2nd – 8th May is National Gardening Week and a chance to celebrate everything we love about being outdoors. Whether that means tending to your own garden, sowing seeds, relaxing in the sun or simply taking a stroll through your local woodlands, National Gardening Week is simply about finding joy in being outside, whatever that means to you.
Gardening is incredibly good for your mental health and wellbeing. It's been proven to reduce anxiety and stress, and it, of course, is excellent for your physical fitness as well. That said, if you're new to gardening or not naturally green-fingered, knowing where to start and what to do can be a little overwhelming. Don't worry; we've got plenty of easy garden tips that even amateur gardeners can do to get outside and experience the joy of gardening.
Pruning is an essential skill for any budding gardener that many avoid because of a lack of confidence or understanding. But knowing how and when to prune plants, shrubs and trees will encourage healthy new growth and flowering, and your garden will thank you for it.
All you need for effective pruning is a good pair of garden cutting tools if you're tackling a tree and a little bit of know-how. First, always cut the stem just above a bud at a diagonal angle away from the bud. Not sure what to remove? Look for crossing stems or branches rubbing against others, along with any dead growth, and stems that are diseased, snapped, or growing in the opposite direction to the others.
Before you start pruning, always check the type of plant and make sure it is in fact a variety that requires pruning, as not all plants need it.
Deadheading is the process of removing faded or dead flowers from a plant. Regular deadheading helps the plant bloom continuously throughout the growing season, maintains the plant's appearance and promotes good future growth.
It's a simple job to do, and the new blooms you'll get as a result of your work will make it worth the while. Once you notice a flower starting to fade and wilt, cut or pinch the stem just below the flower head to remove it. If you're dealing with a plant with many flowers, it may even be more beneficial to shear the top few inches of the plant off to remove all the blossoms in one go.
The key to deadheading is to do it a little but often, starting in spring. If you go out and deadhead your flowers every few days, the task will be far less daunting than if you wait and do it all in one go later in the year.
Weeding might not sound like much fun, but like with deadheading, if you do a little, but often, you'll soon find the task much more manageable, your garden will look great for longer, and it gets you outside.
There are a handful of ways to weed a garden. First, you can dig them out by hand, although be wary that if you leave even a little bit of the root behind, the weed will be able to regrow. If you've got a large area to weed you can cover the ground with a thick mulch or plastic lining to deprive them of sunlight; this will eventually kill them. You can also use weedkillers or a hoe.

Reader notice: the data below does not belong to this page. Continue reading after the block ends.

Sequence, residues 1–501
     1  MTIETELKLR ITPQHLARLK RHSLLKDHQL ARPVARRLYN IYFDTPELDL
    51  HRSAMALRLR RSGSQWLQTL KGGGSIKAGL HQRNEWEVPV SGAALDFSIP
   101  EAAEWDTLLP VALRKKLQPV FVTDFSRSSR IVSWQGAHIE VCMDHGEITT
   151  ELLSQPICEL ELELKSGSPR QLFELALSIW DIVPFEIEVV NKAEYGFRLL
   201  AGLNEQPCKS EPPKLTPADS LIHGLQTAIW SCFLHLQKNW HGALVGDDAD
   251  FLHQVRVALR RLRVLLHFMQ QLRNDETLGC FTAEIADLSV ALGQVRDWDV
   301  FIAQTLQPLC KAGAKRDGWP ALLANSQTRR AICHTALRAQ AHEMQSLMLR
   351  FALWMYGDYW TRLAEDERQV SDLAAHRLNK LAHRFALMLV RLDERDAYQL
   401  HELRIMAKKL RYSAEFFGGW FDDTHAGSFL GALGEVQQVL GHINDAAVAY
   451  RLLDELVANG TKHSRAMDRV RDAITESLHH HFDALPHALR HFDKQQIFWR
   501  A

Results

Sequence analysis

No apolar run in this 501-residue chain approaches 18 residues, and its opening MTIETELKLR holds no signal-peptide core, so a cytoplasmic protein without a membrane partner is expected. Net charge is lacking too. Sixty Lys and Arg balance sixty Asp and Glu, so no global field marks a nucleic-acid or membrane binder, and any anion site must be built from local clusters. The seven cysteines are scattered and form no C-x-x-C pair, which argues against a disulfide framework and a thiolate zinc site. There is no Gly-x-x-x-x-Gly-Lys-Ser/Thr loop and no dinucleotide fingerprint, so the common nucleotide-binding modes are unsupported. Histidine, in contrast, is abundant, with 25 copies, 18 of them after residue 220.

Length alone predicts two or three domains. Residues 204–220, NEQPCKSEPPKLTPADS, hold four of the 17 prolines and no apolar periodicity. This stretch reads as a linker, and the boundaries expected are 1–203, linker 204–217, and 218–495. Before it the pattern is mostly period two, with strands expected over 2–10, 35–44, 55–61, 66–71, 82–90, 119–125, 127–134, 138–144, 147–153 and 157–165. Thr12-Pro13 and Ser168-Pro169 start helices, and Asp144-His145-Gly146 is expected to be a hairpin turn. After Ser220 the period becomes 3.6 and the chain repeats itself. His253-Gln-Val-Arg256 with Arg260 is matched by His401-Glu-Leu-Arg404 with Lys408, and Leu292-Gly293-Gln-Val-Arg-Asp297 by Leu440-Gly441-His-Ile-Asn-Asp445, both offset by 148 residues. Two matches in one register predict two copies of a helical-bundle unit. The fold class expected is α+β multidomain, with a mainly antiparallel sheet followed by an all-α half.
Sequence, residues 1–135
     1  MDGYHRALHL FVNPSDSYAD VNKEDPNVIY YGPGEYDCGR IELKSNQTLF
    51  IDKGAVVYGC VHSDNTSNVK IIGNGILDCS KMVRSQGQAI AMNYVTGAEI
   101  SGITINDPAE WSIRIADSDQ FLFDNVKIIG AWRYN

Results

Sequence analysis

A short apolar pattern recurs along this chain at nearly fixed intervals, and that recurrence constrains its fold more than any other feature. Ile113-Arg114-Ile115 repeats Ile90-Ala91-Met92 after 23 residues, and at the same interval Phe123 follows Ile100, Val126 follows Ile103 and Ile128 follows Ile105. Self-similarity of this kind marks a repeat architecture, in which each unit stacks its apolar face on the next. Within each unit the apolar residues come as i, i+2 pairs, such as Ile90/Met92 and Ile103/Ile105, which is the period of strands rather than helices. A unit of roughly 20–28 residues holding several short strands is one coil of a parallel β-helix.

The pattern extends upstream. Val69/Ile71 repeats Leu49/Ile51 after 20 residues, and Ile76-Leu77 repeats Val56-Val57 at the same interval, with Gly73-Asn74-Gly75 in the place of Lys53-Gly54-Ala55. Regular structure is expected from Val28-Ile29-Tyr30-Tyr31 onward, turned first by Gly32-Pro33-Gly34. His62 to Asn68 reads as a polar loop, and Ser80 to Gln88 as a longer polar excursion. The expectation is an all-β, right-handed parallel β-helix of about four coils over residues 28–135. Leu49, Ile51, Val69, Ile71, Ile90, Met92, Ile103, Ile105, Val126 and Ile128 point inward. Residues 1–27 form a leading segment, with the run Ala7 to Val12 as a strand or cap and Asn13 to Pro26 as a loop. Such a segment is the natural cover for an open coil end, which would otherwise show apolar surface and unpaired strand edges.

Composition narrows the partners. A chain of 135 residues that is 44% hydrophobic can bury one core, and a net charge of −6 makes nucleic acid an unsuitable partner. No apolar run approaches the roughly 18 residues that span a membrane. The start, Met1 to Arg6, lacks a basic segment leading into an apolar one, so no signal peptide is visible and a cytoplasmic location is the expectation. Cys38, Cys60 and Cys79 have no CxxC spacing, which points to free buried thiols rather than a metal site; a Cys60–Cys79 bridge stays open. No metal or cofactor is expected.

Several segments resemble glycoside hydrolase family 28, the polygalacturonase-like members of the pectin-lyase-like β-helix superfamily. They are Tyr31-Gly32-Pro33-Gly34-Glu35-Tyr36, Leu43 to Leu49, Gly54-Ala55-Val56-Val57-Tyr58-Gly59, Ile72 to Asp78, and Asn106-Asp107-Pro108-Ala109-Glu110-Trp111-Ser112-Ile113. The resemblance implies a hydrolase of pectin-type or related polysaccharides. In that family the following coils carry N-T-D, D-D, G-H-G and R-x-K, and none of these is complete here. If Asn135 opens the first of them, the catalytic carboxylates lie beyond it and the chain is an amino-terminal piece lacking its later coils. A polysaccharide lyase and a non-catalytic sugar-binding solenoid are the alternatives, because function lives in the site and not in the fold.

The best way to take the stress out of weeding is to accept that it's something you'll always have to keep on top of if you want a weed-free garden. It's also worth noting that many weeds are essentially wildflowers that serve a really important role for pollinators, so learning to tolerate some weeds is good for both you and nature.
Learning how to divide perennial plants is not only a great way to prevent plants from becoming overgrown and overcrowded, but you're also getting a new plant somewhere else in your garden for free. When we let plants get overgrown, they won't bloom as well but dividing them helps to reinvigorate them.
Spring and autumn are the best times to divide perennials; although you can divide them in summer if you really want to, just make sure they're planted in moist, good quality soil and keep well watered. You can buy compost online from our online store if you need any.
To divide your plant, dig up the entire clump with a shovel, carefully levering the root ball out of the ground. Shake or brush off any excess soil from the root ball and either prise or cut apart the individual crowns of the plant. Make sure each lump has both leaves and roots. Replant your new clumps quickly to avoid the roots from drying out, and cover the soil with mulch to retain moisture whilst the new plant is establishing itself.
Watering During Dry Spells
Watering your outdoor plants is important to promote good, healthy growth, and it can be a relaxing activity that isn't too strenuous. If you buy flower seeds online, you'll want to make sure they get enough water once sown to get beautiful blooms that will fill your garden with colour. That said, it's important to know when to water and remain conscious of not wasting water unnecessarily.
How often you water will depend entirely on the individual plants and what they need, whether they're in a border, container, or somewhere where their roots are restricted, like next to a wall. Of course, the season will also impact how frequently you water. In most cases, watering in the morning is ideal if you can find the time, and the water should be directed towards the roots so that the plant can take it in as effectively as possible.
Rainwater is the best kind of water for your garden, and better yet, it's freely available if you have a water butt to store it in.
If you're looking to get outside for National Gardening Week, why not come down and pay us a visit at our Garden Centre near Kendal. You'll find plenty of inspiration for your outdoor space, no matter how big or small.